Block Index

The block_index represents the index of the block in which this transaction will be added to the blockchain.



Your contract has a limited number of computational resources to use on each call. Such resources are measured in Gas.

Gas can be thought of as wall time, where 1 PetaGas (1_000 TGas) is ~1 second of compute time.

Each code instruction costs a certain amount of Gas, and if you run out of it, the execution halts with the error message Exceeded the prepaid gas.

The environment gives you access to two gas-related arguments: prepaid_gas and used_gas.


Prepaid Gas

prepaid_gas represents the amount of Gas the predecessor attached to this call. It cannot exceed the limit 300TGas (300 * 1012 Gas).


Used Gas

used_gas contains the amount of Gas that has been used so far. It is useful to estimate the Gas cost of running a method.

DANGER: During cross-contract calls always make sure the callback has enough Gas to fully execute.

TIP: If you already estimated the Gas a method needs, you can ensure it never runs out of Gas by using assert

  • Rust

const REQUIRED_GAS: Gas = Gas(20_000_000_000_000); // 20 TGasassert!(env::prepaid_gas() >= REQUIRED_GAS, "Please attach at least 20 TGas");



Environment Functions

  • AssemblyScript


Function Name


SDK method




SHA 256


Hashes a sequence of bytes using sha256.

Keccak 256


Hashes a sequence of bytes using keccak256.

Keccak 512


Hashes a sequence of bytes using keccak512.

Panic String


Terminates the execution of the program with the UTF-8 encoded message.

Log String


Logs the string message. This message is stored on chain.

Validator Stake


For a given account return its current stake. If the account is not a validator, returns 0.

Validator Total Stake


Returns the total stake of validators in the current epoch.

Account ID Validation


Validates an accountId string.


INFO: In the JS SDK, throw new Error("message") mimics the behavior of Rust’s env::panic_str("message").

State & Data Structures

Each contract has its own state (storage), which only they can modify but anyone can see.

A contract stores all its data in a key-value storage. This however is abstracted from you by the SDK through serialization.

INFO: Contracts pay for their storage by locking part of their balance. Currently it costs ~1 Ⓝ to store 100KB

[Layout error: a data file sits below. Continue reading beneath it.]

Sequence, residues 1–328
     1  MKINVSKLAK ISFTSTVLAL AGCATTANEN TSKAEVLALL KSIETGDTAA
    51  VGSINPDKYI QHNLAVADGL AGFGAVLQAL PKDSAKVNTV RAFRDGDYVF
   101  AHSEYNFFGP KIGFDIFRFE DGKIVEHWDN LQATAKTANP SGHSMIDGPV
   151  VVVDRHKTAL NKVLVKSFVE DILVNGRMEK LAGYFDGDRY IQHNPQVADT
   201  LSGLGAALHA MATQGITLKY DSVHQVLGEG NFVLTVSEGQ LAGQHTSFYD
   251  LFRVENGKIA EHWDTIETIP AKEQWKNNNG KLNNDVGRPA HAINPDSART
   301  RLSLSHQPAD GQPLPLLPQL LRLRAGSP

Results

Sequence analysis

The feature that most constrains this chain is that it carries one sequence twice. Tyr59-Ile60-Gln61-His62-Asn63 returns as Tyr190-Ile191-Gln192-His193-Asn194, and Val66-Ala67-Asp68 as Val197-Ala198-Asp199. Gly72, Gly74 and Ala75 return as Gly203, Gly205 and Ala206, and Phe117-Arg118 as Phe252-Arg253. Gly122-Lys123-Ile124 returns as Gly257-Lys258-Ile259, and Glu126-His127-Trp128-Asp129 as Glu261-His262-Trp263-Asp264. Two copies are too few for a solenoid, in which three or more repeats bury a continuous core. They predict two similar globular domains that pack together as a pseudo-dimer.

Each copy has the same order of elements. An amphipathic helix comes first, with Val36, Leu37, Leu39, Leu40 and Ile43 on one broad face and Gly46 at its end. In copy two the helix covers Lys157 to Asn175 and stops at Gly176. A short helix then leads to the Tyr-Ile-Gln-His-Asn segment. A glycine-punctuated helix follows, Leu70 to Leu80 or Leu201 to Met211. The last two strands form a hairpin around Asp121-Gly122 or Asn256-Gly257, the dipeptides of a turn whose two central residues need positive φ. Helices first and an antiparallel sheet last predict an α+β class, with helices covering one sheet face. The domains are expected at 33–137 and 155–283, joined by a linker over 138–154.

Defining the State

The contract’s state is defined by the main class attributes, and accessed through them.

In the state you can store constants, native types, and complex objects. When in doubt, prefer to use SDK collections over native ones, because they are optimized for the serialized key-value storage.

  • AssemblyScript




See full example on GitHub


Data Structures

The NEAR SDK exposes a series of structures (Vectors, Sets, Maps and Trees) to simplify storing data in an efficient way.


All structures need to be initialized using a unique prefix, which will be used to identify the structure’s keys in the serialized state

  • AssemblyScript




See full example on GitHub



Implements a vector/array which persists in the contract’s storage. Please refer to the Rust and AS SDK’s for a full reference on their interfaces.

  • AssemblyScript

  • vector.ts

  • index.ts




See full example on GitHub



Implements a map/dictionary which persists in the contract’s storage. Please refer to the Rust and AS SDK’s for a full reference on their interfaces.

  • AssemblyScript

  • map.ts

  • index.ts



See full example on GitHub

Nesting of Objects – Temporary Solution



Implements a set which persists in the contract’s storage. Please refer to the Rust and AS SDK’s for a full reference on their interfaces.

  • AssemblyScript

  • map.ts

  • index.ts




See full example on GitHub



An ordered equivalent of Map. The underlying implementation is based on an AVL. You should use this structure when you need to: have a consistent order, or access the min/max keys.

  • AssemblyScript

  • tree.ts

  • index.ts



See full example on GitHub


Storage Cost

Your contract needs to lock a portion of their balance proportional to the amount of data they stored in the blockchain. This means that:

  • If more data is added and the storage increases ↑, then your contract’s balance decreases ↓.

  • If data is deleted and the storage decreases ↓, then your contract’s balance increases ↑.

Currently, it cost approximately 1 Ⓝ to store 100kb of data.

INFO: You can save on smart contract storage if using NEAR Account IDs by encoding them using base32. Since they consist of [a-z.-_] characters with a maximum length of 64 characters, they can be encoded using 5 bits per character, with terminal \0. Going to a size of 65 5 = 325 bits from the original (64 + 4) 8 = 544 bits. This is a 40% reduction in storage costs.

Now move to part 3 of this tutorial